Robert R. Miller Papers
A Yankee Smuggler on the Spanish California Coast, written by Robert Ryal Miller, was published by the Santa Barbara Trust for Historic Preservation in 2001. The bulk of these papers consist of Miller’s research notes, correspondence, and photocopies of articles, documents, and online materials used to write the book. Publication materials include a final camera-ready draft and two reviews of the book.
A separate file contains another article written by Miller in 1975 and a copy of a New Mexican census document that forms the basis for the article.
- 1752 - 2002
- Miller, Robert Ryal (Person)
Conditions Governing Access
Collection is open to researchers.
Conditions Governing Use
All requests for permission to publish or quote from manuscripts must be submitted in writing to the Archivist and Librarian. Permission for publication is given on behalf of the Santa Barbara Trust for Historic Preservation Research Center as the owner of the physical items and is not intended to include or imply permission of the copyright holder, which must also be obtained by the reader.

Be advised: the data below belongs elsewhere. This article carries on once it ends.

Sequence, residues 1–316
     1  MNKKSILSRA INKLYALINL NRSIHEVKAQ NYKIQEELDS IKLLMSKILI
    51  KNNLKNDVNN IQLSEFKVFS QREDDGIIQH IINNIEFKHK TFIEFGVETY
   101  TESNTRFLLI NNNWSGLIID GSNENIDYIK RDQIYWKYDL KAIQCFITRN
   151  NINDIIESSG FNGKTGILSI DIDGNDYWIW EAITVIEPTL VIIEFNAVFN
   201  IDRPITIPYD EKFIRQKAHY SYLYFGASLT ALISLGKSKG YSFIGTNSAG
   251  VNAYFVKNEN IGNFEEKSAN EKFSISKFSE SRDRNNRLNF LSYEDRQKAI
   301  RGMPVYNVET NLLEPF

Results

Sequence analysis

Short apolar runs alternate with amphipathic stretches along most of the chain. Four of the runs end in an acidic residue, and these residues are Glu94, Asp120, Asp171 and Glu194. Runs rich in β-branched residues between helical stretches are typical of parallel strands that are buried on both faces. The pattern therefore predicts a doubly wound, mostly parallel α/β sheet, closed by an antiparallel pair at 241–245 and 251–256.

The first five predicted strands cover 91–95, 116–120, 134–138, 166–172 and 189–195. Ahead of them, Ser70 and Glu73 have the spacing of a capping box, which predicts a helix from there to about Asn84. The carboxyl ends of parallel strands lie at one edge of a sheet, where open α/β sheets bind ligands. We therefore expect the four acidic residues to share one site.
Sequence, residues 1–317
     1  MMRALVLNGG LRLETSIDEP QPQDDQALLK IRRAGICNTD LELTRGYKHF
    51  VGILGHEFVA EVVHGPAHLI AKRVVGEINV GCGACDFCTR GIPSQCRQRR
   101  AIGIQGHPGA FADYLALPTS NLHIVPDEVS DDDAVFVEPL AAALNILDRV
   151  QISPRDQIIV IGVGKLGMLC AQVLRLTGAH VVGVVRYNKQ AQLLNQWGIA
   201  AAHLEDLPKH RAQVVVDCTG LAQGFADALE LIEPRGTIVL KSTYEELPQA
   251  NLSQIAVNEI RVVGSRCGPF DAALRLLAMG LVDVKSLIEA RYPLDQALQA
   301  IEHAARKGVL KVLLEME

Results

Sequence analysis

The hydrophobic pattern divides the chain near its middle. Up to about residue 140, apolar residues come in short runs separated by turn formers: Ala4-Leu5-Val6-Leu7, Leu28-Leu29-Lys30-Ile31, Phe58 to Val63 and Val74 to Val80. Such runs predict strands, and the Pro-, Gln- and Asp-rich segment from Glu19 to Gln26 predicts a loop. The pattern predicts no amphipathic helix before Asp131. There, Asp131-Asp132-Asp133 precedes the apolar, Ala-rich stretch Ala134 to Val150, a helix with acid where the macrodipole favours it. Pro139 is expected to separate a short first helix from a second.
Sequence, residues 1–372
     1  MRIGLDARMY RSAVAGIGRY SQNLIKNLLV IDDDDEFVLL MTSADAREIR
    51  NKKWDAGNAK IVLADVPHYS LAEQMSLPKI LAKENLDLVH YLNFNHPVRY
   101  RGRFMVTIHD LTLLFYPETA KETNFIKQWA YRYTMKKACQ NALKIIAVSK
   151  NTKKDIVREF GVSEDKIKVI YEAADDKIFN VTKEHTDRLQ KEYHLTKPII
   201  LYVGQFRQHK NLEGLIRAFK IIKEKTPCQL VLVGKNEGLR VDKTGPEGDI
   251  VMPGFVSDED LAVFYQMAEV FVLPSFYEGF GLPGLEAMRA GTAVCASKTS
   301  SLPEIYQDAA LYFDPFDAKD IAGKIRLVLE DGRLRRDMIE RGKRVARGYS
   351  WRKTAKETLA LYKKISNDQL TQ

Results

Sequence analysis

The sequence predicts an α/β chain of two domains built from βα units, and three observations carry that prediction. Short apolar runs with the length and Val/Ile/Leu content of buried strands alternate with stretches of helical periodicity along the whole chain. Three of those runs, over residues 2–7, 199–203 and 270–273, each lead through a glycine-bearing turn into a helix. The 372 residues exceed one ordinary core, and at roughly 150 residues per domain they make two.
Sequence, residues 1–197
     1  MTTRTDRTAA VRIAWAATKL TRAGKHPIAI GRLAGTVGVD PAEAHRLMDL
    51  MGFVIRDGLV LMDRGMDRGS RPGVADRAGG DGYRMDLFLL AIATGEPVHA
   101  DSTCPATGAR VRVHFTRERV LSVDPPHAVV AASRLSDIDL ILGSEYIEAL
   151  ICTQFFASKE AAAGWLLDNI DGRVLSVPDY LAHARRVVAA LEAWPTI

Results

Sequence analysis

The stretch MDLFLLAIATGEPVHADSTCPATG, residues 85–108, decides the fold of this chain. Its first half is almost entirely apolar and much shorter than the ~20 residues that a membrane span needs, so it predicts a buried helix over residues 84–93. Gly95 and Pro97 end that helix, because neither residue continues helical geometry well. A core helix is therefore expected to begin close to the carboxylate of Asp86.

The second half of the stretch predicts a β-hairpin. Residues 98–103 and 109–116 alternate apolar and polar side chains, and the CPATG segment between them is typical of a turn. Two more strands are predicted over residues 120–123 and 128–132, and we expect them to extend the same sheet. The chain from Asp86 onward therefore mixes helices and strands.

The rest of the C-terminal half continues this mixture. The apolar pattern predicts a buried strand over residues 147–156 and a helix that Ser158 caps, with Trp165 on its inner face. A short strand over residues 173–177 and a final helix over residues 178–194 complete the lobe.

Research notes, documents, printed matter, and drafts for the book A Yankee Smuggler on the Spanish California Coast: George Washington Eayrs and the ship Mercury.
Biographical / Historical
Historian Robert Ryal Miller Robert received a Ph.D. in history from the University of California, Berkeley. He was professor of history at California State University Hayward from 1970-1980 and also taught at Indiana University and New Mexico State University. He has published 13 books and over 20 articles on Latin American history with an emphasis on Mexico and California before statehood. After retirement, he resided in Santa Barbara, California until his death in 2004.
Captain George Washington Eayrs engaged in trading voyages along the California coast between 1806 and 1813, bartering manufactured goods for otter pelts. Captured in 1813 while anchored at Refugio Cove, Eayrs and his ship were brought to Santa Barbara, where he was charged with illicit commerce and put under arrest at the Presidio. He was tried by commandante Captain Jose Dario Arguello. Eayrs was sent to San Diego and then on to Mexico where he lived until his death in 1855. For almost thirty years Eayrs wrote dozens of letters, petitions, and legal appeals, trying to get a compensation for his confiscated ship and its cargo. Finally, in 1842, a joint U.S.-Mexican Claims Commission awarded him $96,000 to be paid by the Mexican government.
- Robert R. Miller Papers
- Chris S. Ervin CA
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